Los Angeles Artist goes Googie with handmade cat furnishings

Cat House
Tom Davies produces his mid-century modern feline furniture by hand. Photo courtesy of Tom Davies

Cats may be the most refined of all house pets – they certainly beat out gerbils and dogs – but their aesthetic sense rarely matches that of their owners. Not when it comes to cat furnishings.

“A lot of what people get at Petco or the other major pet stores is not very aesthetically pleasing,” says Tom Davies, an artist and web designer turned furniture builder – for cats. “I want to give people something they’d like to see in their home as well as something the cat will like.”

His Los Angeles-based firm, Davies Décor, has joined the surprisingly crowded field – which Eichler Network has explored in the past – of modern furnishings for modern pets.

Among his wares, all handmade entirely by himself, are his Post and Beam Cat House and his Googie Cat Bed.

“I started the business as more of a general home décor enterprise, furniture and artwork. But it wasn’t until I designed one of these cat houses that people really took notice,” Davies says. “So focus is on that now.”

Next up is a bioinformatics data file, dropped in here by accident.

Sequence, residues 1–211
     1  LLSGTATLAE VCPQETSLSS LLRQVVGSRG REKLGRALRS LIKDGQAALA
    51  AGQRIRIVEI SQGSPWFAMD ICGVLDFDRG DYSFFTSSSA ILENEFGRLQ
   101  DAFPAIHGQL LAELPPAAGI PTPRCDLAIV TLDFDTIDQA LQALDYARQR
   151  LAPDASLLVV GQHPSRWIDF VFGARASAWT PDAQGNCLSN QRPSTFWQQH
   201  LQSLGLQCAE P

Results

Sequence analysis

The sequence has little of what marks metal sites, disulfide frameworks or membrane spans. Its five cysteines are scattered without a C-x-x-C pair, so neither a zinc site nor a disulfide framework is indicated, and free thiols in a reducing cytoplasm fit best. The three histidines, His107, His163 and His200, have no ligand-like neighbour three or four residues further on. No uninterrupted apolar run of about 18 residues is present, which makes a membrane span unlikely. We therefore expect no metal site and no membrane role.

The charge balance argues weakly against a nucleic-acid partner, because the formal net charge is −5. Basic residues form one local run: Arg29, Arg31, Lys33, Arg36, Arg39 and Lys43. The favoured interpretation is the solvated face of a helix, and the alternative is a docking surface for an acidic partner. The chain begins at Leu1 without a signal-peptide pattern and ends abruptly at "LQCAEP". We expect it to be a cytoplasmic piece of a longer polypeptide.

Cat House 2
A post-and-beam cat house by Tom Davies. Photo courtesy of Tom Davies

Each piece he designs is tested by the family cat, Doug. “He’s my user group,” Davies says.

Davies, who is married to Cindy Olnick, communications director for the Los Angeles Conservancy, is very much part of the mid-century world, furnishing his “plain old 1963 house” in the style and attending conservancy events, where he sometimes volunteers.

So far, his cat furniture is available only through his website. A Baltimore cat shelter has bought a Googie Cat Bed and one of his pieces will be auctioned off to benefit feral cats in Oregon.

In the works are even more ambitious architectural settings for the family feline. “The next will be a parabolic roof cat bed,” Davies says, “like the visitor center at Palm Springs,” which was originally designed as a gas station by Albert Frey.

“I’m starting with the modern stuff because that is the stuff I particularly like. I can see a takeoff on Fallingwater,” he says, mentioning the Frank Lloyd Wright masterpiece. “That kind of thing.”

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